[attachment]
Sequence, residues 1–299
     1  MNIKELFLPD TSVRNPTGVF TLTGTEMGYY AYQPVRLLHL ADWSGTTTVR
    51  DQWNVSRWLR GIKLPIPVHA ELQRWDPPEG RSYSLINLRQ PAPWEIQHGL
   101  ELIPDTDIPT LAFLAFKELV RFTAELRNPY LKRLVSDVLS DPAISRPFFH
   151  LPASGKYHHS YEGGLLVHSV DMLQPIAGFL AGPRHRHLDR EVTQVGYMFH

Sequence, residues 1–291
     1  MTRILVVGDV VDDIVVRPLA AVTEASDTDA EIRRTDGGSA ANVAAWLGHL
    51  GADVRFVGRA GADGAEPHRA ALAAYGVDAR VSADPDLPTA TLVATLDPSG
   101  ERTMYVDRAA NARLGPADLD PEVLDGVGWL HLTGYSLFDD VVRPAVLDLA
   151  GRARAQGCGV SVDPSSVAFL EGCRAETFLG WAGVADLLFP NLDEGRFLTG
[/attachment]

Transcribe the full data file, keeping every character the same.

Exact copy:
Sequence, residues 1–299
     1  MNIKELFLPD TSVRNPTGVF TLTGTEMGYY AYQPVRLLHL ADWSGTTTVR
    51  DQWNVSRWLR GIKLPIPVHA ELQRWDPPEG RSYSLINLRQ PAPWEIQHGL
   101  ELIPDTDIPT LAFLAFKELV RFTAELRNPY LKRLVSDVLS DPAISRPFFH
   151  LPASGKYHHS YEGGLLVHSV DMLQPIAGFL AGPRHRHLDR EVTQVGYMFH

Sequence, residues 1–291
     1  MTRILVVGDV VDDIVVRPLA AVTEASDTDA EIRRTDGGSA ANVAAWLGHL
    51  GADVRFVGRA GADGAEPHRA ALAAYGVDAR VSADPDLPTA TLVATLDPSG
   101  ERTMYVDRAA NARLGPADLD PEVLDGVGWL HLTGYSLFDD VVRPAVLDLA
   151  GRARAQGCGV SVDPSSVAFL EGCRAETFLG WAGVADLLFP NLDEGRFLTG